Certificate no 791
Status National Historic Fleet
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Details

Function Fishing Vessel
Subfunction Trawler
Location Gillingham
Vessel type Thames Bawley
Current use Private use
Available to hire No
Available for excursions No
Info required No

Construction

Builder Cann, John & Herbert, Harwich
Built in 1909
Hull material Wood
Rig Gaff Cutter
Number of decks 1
Number of masts 1
Propulsion Sail
Number of engines 1
Primary engine type Diesel
Boiler type None
Boilermaker None

Dimensions

Breadth: Beam
12.98 feet (3.96 m)
Depth
5.51 feet (1.68 m)
Length: Overall
40.00 feet (12.20 m)
Tonnage: Gross
24.00
Air Draft
To be confirmed

History

DORIS is one of the few surviving Thames bawleys and has been restored to her original appearance, including the cutter rig with a loose-footed mainsail. She was built as a speculation by John and Herbert Cann at Bathside, Gashouse Creek, Harwich. There was a fleet of bawleys at Harwich but DORIS was bought in 1909 by a Leigh-on-Sea publican, Mr Choppin, who is said to have named her after his favourite daughter – he had seven daughters and one son (who ran away to sea when his father refused to sell him DORIS). Her skipper was Bill Lucking.

DORIS was then owned and sailed by William 'Billy' King, first under sail and then he had an engine fitted. In the summer she went as far as Harwich to fish for shrimp, otherwise she was used to fish for white fish as far as Gravesend.  

The Harwich and Leigh-on-Sea bawleys were identical in design and used the same builders: this reflected the migration of Leigh fishing families to Harwich when shrimps were scarce on the Thames. Cann’s bawleys were, like their sailing barges, amongst the shapeliest. Carvel built, DORIS was one of the largest bawleys and was able to work well out in the Thames estuary, trawling for shrimps in the summer, and in the winter stowboating for sprats. She also took part in bawley racing.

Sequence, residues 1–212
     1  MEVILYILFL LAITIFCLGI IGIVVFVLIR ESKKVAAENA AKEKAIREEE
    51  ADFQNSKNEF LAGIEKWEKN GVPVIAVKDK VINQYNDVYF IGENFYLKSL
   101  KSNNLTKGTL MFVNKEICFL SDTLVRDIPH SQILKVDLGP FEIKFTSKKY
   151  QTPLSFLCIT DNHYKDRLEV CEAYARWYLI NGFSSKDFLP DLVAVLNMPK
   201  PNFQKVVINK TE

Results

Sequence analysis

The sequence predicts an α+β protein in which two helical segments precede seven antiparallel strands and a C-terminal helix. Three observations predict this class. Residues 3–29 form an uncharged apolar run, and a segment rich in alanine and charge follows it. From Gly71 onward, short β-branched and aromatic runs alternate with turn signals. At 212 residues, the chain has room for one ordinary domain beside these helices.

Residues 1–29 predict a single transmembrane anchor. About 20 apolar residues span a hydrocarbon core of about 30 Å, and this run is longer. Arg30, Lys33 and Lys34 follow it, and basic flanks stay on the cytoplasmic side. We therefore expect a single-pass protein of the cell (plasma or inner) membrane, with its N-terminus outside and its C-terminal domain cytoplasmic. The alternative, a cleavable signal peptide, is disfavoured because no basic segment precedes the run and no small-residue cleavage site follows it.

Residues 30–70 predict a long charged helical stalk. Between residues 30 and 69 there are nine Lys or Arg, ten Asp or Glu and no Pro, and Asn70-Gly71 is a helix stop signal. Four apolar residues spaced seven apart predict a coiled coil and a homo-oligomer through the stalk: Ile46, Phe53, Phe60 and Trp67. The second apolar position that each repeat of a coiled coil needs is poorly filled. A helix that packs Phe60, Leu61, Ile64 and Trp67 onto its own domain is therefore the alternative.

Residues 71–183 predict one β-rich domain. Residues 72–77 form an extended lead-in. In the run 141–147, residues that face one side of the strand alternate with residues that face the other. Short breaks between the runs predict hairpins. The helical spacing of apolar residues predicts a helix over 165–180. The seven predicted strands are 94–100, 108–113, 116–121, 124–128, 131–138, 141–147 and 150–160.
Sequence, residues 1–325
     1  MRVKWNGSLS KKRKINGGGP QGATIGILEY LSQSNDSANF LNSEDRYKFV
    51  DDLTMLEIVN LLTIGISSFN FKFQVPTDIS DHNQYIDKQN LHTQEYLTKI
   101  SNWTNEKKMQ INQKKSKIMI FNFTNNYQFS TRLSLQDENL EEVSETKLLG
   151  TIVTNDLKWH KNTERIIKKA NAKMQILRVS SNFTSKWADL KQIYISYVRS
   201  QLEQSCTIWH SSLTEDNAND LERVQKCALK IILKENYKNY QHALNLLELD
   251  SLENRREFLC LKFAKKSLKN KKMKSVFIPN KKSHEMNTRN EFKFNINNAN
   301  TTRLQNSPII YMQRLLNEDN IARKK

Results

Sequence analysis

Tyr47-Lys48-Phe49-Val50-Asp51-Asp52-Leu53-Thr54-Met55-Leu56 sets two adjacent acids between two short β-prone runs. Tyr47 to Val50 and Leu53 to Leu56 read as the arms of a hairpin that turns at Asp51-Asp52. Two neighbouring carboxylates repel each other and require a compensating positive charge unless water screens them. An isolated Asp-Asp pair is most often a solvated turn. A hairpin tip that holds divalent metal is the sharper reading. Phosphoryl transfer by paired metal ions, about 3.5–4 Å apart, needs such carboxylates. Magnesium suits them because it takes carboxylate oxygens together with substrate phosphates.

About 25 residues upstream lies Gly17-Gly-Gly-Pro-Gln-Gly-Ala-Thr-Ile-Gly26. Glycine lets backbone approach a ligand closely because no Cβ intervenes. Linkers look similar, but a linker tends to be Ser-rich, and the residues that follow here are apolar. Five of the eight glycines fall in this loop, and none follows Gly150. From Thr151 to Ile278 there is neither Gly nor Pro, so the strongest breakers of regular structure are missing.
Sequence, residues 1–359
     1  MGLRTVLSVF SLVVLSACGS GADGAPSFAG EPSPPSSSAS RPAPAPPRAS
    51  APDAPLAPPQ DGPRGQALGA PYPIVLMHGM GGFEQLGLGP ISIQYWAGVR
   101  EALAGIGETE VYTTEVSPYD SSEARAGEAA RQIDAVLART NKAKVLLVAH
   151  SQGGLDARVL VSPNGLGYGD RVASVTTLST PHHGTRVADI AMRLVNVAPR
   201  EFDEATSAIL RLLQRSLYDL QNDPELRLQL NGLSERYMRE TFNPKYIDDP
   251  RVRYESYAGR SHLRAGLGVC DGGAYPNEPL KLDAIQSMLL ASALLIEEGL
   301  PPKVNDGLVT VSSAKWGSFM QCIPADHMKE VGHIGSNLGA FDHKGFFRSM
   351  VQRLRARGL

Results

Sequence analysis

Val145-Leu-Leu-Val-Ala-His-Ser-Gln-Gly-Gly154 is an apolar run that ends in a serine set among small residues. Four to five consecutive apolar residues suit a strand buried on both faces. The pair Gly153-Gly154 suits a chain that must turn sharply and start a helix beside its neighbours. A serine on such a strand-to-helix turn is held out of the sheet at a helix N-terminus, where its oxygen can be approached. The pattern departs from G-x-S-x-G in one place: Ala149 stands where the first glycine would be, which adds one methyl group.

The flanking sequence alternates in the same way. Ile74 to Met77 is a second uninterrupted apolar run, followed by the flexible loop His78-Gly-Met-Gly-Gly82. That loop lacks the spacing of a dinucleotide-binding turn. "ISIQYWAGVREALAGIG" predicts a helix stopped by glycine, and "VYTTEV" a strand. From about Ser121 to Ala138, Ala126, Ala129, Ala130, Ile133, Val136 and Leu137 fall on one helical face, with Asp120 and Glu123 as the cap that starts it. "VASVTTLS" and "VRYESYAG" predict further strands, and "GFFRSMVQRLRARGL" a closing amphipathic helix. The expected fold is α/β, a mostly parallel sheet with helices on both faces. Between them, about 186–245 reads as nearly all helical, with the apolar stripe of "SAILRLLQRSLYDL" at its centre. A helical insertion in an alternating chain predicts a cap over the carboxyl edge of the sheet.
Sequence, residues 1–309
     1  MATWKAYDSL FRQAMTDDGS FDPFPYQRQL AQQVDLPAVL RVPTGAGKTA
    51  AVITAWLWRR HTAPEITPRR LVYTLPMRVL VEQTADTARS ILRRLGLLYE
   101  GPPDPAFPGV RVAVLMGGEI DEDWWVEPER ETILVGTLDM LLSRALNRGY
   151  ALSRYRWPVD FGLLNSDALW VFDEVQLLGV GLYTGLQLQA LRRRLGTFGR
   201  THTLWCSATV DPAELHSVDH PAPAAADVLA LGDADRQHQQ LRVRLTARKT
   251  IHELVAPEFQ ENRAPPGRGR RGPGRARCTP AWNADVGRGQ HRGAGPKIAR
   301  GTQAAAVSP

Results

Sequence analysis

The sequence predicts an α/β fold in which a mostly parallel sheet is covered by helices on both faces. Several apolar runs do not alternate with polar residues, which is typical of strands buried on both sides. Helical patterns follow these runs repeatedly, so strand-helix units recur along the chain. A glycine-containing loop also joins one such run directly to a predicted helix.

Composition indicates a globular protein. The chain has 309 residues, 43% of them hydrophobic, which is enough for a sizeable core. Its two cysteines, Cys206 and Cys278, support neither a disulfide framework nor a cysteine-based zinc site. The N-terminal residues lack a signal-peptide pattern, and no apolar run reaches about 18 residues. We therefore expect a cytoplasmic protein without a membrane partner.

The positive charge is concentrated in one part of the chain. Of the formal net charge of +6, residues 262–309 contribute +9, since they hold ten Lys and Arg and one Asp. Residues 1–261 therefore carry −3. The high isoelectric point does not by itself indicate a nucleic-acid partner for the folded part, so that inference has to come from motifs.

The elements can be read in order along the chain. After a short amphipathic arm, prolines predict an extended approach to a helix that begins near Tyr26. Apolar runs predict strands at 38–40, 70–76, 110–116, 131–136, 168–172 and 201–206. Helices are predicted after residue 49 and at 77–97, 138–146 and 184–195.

DORIS was eventually retired for use as a houseboat. As restored she has oak frames, an iroko keel, her first three planks are elm, the rest being pine, whilst her whaling is oak. Her mainmast and topmast are Douglas fir, her sails are flax, and the decks are iroko; in 1999 an engine was fitted. 

Source: Historic Sail, Britain's surviving working craft, Paul Brown, the History Press.

Sources

Old Gaffer's Association Member's Handbook and Boat Archive, 1993

Key dates

  • 1909

    Vessel built by John and Herbert Cann, Bathside, Gashouse Creek, Harwich

  • 1910-1913

    Owner William Lucking of Leigh won the Leigh Race for three consecutive years

Grants

  • July 2016

    A sustainability grant of £430 for cleaning works was made from the Strategic Development Fund of National Historic Ships UK

  • January 2013

    A Sustainability Grant of £300 for cleaning from the Strategic Development Fund of National Historic Ships

  • June 2010

    A Sustainability Grant of £700 for hull cleaning from the Strategic Development Fund of National Historic Ships

Own this vessel?

If you are the owner of this vessel and would like to provide more details or updated information, please contact info@nationalhistoricships.org.uk

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